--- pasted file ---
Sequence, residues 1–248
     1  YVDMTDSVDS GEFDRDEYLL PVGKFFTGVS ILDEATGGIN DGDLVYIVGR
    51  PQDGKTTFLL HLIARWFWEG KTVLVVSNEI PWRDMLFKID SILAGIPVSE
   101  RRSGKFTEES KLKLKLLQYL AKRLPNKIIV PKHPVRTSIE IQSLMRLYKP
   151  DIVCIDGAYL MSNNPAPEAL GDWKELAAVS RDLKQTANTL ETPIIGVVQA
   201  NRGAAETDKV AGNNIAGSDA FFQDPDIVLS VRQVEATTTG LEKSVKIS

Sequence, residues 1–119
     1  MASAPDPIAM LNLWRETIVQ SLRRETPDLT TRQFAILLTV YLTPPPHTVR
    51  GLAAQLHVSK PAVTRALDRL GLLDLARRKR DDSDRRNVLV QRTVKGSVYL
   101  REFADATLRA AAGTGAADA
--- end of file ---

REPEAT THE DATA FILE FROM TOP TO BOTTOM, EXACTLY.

Sequence, residues 1–248
     1  YVDMTDSVDS GEFDRDEYLL PVGKFFTGVS ILDEATGGIN DGDLVYIVGR
    51  PQDGKTTFLL HLIARWFWEG KTVLVVSNEI PWRDMLFKID SILAGIPVSE
   101  RRSGKFTEES KLKLKLLQYL AKRLPNKIIV PKHPVRTSIE IQSLMRLYKP
   151  DIVCIDGAYL MSNNPAPEAL GDWKELAAVS RDLKQTANTL ETPIIGVVQA
   201  NRGAAETDKV AGNNIAGSDA FFQDPDIVLS VRQVEATTTG LEKSVKIS

Sequence, residues 1–119
     1  MASAPDPIAM LNLWRETIVQ SLRRETPDLT TRQFAILLTV YLTPPPHTVR
    51  GLAAQLHVSK PAVTRALDRL GLLDLARRKR DDSDRRNVLV QRTVKGSVYL
   101  REFADATLRA AAGTGAADA